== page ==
3. I have hidden emotional issues, some of which are derived from my relationship with my father and my mother
  4. I'm often motivated by self-glory.
  5. I'm battling sin constantly (and losing occasionally).
  6. I work too much
  7. I have an inconsistent spiritual life.
  8. People get on my nerves.
  9. My marriage is average.
  10. I'm not sure if I'm a good dad/mom/husband/wife.
  11. I really don't find joy in my job.
  12. I'm too young and inexperienced/my best days are behind me.
  13. i'm really uncomfortable around unsaved people.
  14. I don't have a close friend I can trust.
  15. I rely on my position and guilt to get people to do things.
  16. I make decisions without prayer or consulting others.
  17. I waste my time on trivial matters.
  18. I am often more concerned about myself than others.
  19. I'm struggling financially.
  20. I'm often tempted sexually.

I doubt that many of these issues are unique to pastors. The problem is when pastors feel they have to struggle alone.

Three observations:

  • Pastors need to be appropriately open about these struggles. It's time to climb off the pedestal.
  • Pastors need the gospel.
  • Pastors need community.

Check out Gospel Coach. It looks like a fascinating and helpful book.

A Few Good Men and Women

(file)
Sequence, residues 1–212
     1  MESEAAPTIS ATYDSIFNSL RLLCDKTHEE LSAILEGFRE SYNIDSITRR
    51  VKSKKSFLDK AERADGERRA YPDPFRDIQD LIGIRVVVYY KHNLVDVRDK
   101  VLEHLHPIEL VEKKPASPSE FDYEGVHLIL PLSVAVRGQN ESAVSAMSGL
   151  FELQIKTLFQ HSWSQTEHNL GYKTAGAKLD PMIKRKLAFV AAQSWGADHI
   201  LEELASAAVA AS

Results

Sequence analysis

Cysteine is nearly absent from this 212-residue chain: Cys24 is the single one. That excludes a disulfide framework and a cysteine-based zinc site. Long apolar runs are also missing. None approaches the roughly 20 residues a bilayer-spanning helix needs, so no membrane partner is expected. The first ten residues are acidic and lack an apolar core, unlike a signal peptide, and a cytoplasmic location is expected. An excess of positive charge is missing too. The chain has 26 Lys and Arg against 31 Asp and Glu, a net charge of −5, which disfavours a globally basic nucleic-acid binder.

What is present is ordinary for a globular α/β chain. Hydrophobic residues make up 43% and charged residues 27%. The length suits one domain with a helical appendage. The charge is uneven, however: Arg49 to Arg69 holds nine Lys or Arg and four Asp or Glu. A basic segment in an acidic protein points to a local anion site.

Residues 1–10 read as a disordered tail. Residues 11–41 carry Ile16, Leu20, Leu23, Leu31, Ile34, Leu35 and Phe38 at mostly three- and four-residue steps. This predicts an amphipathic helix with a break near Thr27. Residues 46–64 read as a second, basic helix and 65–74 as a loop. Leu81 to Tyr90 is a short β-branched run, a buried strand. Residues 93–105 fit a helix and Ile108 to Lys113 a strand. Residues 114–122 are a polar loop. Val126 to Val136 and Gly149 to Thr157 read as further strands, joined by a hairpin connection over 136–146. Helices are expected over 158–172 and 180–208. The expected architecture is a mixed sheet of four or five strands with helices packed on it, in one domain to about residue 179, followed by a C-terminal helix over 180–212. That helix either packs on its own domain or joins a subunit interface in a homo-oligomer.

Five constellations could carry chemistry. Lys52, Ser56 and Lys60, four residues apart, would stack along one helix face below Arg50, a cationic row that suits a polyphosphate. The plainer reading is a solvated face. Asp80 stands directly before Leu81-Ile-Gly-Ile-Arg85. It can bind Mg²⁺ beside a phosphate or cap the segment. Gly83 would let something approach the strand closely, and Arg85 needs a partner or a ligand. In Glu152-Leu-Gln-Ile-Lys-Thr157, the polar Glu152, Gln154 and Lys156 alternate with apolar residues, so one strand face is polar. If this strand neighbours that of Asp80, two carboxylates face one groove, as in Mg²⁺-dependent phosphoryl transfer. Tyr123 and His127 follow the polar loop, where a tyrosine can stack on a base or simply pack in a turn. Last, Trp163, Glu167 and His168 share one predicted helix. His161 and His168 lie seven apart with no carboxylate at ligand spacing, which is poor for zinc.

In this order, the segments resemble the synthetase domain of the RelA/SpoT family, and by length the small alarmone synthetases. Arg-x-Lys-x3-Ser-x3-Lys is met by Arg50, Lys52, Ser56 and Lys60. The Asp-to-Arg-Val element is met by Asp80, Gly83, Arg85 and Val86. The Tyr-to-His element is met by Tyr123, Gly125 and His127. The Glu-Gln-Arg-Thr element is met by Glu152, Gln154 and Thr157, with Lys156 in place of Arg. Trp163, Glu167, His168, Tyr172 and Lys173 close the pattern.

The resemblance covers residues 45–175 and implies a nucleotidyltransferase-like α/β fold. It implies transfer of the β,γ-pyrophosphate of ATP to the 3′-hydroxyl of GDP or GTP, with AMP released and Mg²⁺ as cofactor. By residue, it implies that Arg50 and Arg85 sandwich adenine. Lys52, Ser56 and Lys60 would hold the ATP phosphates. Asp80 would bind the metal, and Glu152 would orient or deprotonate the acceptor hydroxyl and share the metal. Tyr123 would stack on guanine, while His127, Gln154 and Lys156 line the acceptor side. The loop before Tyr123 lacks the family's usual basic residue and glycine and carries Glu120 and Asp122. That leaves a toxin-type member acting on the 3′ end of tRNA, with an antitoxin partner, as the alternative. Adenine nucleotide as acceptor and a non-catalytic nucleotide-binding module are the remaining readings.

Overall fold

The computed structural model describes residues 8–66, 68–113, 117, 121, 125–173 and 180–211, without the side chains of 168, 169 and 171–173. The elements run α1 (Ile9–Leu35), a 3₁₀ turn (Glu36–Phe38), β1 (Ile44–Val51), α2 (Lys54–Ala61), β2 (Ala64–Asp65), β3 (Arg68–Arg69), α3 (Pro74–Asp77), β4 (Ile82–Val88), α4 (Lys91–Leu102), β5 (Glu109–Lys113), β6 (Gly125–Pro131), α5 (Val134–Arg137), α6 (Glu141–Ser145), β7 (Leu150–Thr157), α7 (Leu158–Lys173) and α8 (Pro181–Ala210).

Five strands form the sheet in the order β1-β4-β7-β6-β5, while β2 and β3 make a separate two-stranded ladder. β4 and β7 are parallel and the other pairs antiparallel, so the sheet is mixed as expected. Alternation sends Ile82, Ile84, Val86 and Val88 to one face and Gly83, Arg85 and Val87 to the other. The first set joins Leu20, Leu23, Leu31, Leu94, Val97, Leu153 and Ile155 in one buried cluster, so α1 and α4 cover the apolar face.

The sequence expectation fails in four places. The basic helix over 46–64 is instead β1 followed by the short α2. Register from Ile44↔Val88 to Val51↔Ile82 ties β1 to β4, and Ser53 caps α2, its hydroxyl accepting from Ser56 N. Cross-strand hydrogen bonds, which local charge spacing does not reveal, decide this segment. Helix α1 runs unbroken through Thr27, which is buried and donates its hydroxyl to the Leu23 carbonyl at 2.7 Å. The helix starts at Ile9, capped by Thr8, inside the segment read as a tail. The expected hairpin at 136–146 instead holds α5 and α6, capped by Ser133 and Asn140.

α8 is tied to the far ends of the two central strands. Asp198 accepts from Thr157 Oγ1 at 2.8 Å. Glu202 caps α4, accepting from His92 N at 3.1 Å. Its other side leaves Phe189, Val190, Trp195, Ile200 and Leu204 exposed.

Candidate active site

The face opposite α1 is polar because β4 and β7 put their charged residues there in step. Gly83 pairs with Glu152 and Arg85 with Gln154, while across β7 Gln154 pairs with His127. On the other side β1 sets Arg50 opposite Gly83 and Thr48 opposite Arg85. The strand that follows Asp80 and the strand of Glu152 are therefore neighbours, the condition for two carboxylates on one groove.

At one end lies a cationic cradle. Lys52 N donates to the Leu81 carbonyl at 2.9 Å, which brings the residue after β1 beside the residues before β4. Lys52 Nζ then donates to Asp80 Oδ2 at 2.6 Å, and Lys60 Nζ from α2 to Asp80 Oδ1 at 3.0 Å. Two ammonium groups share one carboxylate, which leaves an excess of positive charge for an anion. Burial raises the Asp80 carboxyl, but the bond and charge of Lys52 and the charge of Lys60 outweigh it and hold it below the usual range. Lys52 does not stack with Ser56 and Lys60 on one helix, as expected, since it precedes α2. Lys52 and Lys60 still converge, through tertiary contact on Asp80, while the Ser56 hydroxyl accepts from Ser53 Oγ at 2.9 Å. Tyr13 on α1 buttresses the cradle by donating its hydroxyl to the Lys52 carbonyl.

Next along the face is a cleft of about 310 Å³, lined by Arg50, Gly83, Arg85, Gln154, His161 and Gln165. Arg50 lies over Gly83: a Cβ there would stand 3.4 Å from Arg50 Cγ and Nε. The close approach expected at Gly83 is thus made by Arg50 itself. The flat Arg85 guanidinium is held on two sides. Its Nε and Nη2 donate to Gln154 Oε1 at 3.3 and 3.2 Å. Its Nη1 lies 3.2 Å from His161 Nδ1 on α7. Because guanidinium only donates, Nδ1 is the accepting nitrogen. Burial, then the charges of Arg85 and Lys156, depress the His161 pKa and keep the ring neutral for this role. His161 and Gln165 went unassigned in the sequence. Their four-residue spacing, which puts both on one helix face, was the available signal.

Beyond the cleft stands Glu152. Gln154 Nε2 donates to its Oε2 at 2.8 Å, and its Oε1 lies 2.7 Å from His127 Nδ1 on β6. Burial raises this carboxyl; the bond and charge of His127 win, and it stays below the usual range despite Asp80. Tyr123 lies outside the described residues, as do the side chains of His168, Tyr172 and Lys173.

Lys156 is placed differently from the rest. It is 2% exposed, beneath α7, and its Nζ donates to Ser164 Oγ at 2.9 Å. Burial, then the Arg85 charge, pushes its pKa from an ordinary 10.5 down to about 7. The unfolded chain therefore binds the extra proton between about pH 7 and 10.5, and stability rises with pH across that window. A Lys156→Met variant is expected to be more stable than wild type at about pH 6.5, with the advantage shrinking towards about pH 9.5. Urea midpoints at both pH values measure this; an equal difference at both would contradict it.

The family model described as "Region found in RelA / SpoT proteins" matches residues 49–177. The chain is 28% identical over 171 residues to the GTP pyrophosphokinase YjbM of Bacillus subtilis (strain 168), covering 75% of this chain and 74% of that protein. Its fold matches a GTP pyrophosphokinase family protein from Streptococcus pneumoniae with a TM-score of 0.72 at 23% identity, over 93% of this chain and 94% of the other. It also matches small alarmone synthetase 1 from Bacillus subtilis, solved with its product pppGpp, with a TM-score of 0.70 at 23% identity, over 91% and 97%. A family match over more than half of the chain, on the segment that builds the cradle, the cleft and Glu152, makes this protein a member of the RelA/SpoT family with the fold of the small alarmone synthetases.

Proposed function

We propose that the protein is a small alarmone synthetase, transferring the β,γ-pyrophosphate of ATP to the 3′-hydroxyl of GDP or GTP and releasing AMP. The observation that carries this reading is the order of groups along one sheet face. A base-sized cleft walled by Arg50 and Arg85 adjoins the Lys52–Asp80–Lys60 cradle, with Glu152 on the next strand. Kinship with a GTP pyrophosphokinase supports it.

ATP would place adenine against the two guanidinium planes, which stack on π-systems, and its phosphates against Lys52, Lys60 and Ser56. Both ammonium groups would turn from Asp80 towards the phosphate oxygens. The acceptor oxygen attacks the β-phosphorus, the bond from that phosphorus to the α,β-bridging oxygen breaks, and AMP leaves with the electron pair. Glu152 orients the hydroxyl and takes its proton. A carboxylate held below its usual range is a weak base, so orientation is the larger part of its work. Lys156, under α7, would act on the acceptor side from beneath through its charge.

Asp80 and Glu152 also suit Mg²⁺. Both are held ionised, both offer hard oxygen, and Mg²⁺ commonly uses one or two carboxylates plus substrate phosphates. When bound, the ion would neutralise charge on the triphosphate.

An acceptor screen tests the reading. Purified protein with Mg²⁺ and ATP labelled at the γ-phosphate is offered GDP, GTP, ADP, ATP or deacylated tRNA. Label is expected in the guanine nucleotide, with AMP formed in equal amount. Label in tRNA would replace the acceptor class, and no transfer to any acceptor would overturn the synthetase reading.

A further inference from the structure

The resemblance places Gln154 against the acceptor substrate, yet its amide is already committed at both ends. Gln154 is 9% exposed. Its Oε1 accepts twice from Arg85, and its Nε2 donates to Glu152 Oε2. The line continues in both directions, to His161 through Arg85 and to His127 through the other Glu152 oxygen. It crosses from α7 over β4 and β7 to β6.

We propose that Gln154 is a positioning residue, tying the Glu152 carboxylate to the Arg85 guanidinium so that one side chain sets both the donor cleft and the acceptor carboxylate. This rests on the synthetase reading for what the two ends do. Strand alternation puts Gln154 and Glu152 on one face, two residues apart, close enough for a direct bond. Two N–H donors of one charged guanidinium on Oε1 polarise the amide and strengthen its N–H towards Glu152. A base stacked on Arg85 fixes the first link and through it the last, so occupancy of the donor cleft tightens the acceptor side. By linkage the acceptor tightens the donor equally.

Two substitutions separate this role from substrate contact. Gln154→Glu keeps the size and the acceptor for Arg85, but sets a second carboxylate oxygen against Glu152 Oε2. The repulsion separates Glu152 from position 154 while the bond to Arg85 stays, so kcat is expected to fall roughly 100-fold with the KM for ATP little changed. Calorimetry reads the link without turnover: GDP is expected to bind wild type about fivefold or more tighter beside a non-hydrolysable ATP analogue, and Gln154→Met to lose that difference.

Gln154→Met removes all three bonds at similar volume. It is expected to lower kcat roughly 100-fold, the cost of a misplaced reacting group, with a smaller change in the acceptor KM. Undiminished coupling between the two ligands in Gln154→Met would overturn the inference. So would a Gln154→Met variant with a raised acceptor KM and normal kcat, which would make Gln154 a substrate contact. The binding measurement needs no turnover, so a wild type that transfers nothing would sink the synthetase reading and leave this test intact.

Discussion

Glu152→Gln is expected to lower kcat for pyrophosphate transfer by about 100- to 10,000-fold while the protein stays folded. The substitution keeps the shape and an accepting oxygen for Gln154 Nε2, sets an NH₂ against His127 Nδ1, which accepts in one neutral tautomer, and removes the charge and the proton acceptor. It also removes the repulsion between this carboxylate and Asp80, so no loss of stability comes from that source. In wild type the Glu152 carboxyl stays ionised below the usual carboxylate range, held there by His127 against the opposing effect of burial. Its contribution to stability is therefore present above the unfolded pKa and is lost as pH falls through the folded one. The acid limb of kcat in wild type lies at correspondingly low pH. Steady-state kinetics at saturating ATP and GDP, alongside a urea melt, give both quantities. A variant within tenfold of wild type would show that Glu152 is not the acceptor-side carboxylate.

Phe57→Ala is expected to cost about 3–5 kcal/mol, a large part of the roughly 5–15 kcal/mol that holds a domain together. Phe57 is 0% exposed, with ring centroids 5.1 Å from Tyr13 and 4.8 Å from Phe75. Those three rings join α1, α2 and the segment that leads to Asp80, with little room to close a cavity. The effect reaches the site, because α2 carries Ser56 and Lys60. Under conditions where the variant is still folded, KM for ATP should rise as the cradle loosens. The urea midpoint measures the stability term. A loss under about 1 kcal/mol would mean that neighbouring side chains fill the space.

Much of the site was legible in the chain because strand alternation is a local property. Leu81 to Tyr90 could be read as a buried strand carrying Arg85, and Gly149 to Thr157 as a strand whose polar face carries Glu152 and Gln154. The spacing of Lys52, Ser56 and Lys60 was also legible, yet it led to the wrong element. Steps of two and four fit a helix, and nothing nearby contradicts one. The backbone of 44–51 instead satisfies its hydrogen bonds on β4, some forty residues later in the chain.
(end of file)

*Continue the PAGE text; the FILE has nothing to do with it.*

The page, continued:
I don't know exactly who is reading this. But I do know that everyone reading this can respond to what I'm posting today.

liberty villageWe're in the process of planting a church in Liberty Village, Toronto. This is a downtown community that is exploding with growth. The potential there is staggering. We held a prayer walk there on Sunday night, and it got me even more excited about what God is doing there.

So here's what I'm asking.

It may be that you live in Toronto, and God is prompting you to be part of this new church plant. If you're not sure, Justin Buzzard has a couple of good lists that will help you begin to sort it out. Would you consider joining us and being part of our launch team? I am so excited about the people God is going to bring together to be part of launching a church in this area, and you can be part of this. Please prayerfully consider this if you're anywhere near the Toronto area and sense that God may be leading you to do this. Please contact me to chat about the possibilities.